There’s little doubt about the importance of two separate challenges: how to feed a hungry world nutritiously, and how to better understand and sustain biodiversity.

Expansion without Extinction

By Kiribandage Jinapala

Managing agricultural development while conserving biodiversity is a challenge for practitioners of development and conservation.

Ecosystem and biodiversity conservation are seriously threatened in countries pursuing irrigation as a strategy for economic development. Sri Lanka, for instance, has been implementing large irrigation projects since the country gained independence, but has not paid adequate attention to the protection of its natural resources. As a result, degradation of natural ecosystems is now widespread, with some 560 animal and 690 plant species under threat of extinction.

Critical Situation for Pavlovsk Station

By Global Crop Diversity Trust

The international scientific community has called on the Russian President to halt the destruction of Pavlovsk Station – the Russian plant collection critical to the world.

Momentum behind a global effort to save Europe’s most important collection of fruits and berries reached a new level in early September as the Russian Housing Development Foundation (RZhS) postponed the sale of the Pavlovsk Experimental Station and announced the formation of an independent international commission to evaluate the presence of unique plant specimens housed there.

GM and Biodiversity: Partners in Conservation and Productivity?

By T.J. Higgins

Over the next 40 years there will be marked increases in agricultural inputs, and an additional one billion hectares of wild land will be appropriated for crops and pastures.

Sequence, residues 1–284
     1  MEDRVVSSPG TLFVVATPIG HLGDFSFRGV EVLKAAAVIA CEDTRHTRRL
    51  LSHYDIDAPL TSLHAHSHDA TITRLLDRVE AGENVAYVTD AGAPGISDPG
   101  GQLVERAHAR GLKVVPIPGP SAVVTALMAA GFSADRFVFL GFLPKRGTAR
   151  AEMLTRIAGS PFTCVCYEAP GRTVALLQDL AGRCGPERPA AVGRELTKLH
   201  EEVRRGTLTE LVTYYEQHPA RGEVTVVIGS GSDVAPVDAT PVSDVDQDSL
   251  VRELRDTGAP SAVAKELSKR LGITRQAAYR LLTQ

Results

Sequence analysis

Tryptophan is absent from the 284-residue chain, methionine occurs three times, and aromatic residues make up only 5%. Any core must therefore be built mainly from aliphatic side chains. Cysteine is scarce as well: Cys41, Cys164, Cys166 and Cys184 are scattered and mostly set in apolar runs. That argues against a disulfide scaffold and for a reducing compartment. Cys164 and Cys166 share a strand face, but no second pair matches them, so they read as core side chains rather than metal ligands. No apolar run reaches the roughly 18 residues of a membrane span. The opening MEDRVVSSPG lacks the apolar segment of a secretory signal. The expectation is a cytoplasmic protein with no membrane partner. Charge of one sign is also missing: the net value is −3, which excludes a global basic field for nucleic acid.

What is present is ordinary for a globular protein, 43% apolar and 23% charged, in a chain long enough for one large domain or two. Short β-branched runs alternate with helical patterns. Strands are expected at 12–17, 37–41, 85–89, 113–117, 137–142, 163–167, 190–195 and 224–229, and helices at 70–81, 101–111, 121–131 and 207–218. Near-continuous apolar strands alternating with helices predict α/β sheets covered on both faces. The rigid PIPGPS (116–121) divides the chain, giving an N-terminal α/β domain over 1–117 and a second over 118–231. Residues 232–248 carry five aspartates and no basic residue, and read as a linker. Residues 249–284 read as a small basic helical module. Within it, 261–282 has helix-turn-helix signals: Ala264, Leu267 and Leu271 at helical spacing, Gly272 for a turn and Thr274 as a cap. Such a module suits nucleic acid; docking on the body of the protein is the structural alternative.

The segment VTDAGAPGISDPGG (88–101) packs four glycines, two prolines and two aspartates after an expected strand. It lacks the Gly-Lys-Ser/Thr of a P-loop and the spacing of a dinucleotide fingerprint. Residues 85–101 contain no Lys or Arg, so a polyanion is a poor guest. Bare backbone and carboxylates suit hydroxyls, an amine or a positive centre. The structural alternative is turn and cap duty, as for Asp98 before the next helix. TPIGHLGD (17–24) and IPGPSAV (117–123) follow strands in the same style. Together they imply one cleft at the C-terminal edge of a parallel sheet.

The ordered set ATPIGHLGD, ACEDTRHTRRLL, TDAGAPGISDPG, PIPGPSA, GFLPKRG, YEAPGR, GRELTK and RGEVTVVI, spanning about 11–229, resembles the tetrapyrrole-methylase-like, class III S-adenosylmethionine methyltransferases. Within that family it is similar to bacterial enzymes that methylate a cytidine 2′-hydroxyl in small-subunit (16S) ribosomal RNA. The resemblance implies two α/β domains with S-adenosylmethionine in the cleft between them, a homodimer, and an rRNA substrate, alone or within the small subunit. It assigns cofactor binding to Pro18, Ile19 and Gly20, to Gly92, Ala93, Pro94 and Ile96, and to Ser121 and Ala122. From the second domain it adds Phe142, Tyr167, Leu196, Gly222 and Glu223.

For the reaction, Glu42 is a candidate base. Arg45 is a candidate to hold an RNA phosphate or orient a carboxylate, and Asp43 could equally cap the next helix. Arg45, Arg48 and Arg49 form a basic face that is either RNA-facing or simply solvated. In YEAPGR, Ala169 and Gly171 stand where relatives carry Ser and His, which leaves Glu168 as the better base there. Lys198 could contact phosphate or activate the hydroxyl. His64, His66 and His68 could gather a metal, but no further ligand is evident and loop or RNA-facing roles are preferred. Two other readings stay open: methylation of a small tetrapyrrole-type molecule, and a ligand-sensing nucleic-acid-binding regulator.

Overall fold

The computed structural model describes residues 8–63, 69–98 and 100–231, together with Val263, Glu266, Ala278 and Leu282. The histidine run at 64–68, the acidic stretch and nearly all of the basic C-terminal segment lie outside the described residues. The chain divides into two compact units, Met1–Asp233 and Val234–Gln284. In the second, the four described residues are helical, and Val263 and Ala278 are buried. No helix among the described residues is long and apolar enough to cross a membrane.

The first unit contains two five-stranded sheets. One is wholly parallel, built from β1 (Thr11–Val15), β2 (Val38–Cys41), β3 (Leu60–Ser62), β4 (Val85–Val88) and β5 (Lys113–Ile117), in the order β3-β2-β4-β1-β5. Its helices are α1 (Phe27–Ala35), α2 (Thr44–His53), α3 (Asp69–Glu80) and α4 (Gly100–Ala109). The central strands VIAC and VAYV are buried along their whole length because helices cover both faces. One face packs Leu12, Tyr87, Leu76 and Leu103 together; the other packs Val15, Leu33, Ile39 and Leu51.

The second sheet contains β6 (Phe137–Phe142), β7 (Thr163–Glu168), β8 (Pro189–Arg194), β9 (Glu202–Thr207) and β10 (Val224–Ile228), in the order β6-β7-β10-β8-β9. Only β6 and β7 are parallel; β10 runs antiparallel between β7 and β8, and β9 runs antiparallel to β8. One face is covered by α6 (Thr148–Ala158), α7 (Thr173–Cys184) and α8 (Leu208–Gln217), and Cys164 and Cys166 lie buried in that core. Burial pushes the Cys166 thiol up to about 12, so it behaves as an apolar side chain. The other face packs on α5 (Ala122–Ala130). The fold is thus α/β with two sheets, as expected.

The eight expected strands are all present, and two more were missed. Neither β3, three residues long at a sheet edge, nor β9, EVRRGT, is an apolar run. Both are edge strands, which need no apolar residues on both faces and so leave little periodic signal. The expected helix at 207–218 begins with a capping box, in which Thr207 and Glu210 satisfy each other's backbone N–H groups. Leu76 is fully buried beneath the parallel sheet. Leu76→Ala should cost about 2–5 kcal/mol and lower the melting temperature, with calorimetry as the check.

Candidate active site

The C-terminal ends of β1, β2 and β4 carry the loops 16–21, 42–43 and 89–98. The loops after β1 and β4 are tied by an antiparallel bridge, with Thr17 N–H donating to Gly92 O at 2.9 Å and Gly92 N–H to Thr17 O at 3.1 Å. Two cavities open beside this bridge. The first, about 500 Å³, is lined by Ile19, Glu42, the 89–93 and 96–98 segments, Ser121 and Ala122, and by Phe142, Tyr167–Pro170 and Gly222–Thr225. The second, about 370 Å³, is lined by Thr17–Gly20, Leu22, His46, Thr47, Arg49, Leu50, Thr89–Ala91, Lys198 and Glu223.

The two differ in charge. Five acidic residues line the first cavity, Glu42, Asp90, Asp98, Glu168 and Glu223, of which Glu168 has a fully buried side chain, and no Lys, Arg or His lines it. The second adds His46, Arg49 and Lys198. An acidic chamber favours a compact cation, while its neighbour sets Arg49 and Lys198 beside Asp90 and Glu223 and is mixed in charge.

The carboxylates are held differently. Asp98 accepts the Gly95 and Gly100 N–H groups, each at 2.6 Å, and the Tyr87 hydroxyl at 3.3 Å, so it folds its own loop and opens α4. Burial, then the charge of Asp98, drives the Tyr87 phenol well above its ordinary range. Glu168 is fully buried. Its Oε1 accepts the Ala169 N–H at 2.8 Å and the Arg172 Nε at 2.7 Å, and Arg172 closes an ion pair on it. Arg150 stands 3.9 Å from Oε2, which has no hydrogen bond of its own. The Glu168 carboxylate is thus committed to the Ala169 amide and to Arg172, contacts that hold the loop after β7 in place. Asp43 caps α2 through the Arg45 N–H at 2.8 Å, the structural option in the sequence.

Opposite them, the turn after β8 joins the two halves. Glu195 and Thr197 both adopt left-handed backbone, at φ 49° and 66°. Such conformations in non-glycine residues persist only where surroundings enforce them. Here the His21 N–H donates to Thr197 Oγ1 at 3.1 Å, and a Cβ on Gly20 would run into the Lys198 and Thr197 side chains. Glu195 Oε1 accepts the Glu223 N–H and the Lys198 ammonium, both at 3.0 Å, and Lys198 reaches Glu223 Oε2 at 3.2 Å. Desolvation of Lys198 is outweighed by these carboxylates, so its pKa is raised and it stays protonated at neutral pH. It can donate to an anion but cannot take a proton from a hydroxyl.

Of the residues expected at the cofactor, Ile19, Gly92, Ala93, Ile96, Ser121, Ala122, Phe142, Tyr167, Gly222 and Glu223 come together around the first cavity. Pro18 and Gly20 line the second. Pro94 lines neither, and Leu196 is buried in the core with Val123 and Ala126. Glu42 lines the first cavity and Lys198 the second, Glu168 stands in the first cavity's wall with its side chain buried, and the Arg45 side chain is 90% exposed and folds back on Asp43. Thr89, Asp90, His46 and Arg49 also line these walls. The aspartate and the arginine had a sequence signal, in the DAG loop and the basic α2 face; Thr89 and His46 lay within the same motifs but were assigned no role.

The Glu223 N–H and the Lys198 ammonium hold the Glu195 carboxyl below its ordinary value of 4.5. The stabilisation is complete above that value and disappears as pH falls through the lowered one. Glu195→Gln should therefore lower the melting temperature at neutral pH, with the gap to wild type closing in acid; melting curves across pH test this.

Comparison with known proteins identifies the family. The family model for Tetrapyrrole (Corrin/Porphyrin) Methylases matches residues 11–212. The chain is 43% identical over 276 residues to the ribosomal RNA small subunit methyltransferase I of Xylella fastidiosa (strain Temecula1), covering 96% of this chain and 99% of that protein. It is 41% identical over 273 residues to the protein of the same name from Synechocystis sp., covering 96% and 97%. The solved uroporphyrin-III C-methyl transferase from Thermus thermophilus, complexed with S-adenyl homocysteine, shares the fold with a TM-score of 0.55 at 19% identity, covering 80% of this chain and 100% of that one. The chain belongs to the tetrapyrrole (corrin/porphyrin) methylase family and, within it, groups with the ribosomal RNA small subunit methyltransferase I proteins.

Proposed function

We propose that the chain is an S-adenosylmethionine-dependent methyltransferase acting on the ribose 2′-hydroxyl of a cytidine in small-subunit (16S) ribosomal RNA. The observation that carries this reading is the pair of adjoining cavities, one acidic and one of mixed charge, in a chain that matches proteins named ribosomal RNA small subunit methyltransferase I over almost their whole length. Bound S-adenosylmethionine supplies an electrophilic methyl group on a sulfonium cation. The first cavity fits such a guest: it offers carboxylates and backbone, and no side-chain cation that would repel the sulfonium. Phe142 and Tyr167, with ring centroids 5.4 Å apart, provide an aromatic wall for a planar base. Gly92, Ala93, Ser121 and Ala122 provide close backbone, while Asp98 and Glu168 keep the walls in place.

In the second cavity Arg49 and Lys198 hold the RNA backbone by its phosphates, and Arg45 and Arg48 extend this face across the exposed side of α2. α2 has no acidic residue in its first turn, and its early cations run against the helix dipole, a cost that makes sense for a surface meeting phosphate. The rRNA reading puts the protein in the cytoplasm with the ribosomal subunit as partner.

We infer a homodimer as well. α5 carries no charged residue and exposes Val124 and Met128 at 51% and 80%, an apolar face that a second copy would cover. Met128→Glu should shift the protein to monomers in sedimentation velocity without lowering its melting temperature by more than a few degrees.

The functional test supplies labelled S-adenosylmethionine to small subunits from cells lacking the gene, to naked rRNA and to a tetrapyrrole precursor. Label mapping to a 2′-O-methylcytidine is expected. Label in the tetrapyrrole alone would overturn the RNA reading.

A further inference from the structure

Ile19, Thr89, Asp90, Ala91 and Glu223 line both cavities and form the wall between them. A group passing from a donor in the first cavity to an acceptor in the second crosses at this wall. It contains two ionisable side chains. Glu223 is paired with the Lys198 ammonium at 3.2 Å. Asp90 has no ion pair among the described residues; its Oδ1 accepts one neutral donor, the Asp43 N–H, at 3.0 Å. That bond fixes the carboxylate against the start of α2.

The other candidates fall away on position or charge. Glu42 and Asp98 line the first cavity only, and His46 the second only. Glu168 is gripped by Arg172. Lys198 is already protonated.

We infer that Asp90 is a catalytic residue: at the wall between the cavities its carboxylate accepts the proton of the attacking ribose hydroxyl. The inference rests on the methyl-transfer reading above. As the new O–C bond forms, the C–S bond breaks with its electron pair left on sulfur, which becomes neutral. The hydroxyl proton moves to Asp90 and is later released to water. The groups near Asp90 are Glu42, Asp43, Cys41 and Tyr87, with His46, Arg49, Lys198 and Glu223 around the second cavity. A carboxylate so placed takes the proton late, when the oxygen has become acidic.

The editorial in Nature on 29 July 2010 was very upbeat about feeding the projected nine billion people in 2050 on the one hand but raised a very sobering question on the other. Even the sobering question raised the prospect that the “cost to the planet” could be saved by technology, both low and high forms.

Not too many people are as sanguine as the Editor of Nature. Many people would subscribe to a more complex set of conditions to be met if we are to feed and clothe the future billions of human bodies. At the very least we will need:

A reprieve, but the Great Barrier Reef remains on death row

By Tim Stephens

The World Heritage Committee in Cambodia will consider listing the Great Barrier Reef as "in danger" in 2014 if steps aren't taken to address key threats from industrialisation.

The Great Barrier Reef may have been spared the indignity of being listed as a World Heritage Area “in danger” in June 2013, but the Reef’s woes are just beginning.

Biodiversity Back on the Menu: Will Traditional Crops Return to the Dinner Table?

By Michael Hermann and Nick Pasiecznik

Healthy diets, like healthy ecosystems and economies, depend on diversity. Despite calls for more diversity in food and underlying crop systems, the world has witnessed research and development focusing almost exclusively on a handful of crops. Much more needs to be done to turn rhetoric into reality.

Half of all the calories consumed by the world’s human population today originate from only three plants – rice, wheat and maize – which are eaten directly or fed to livestock. The top 15 “commodity” crops provide nine-tenths of humanity’s calorie intake, while there are more than 10,000 edible plant species.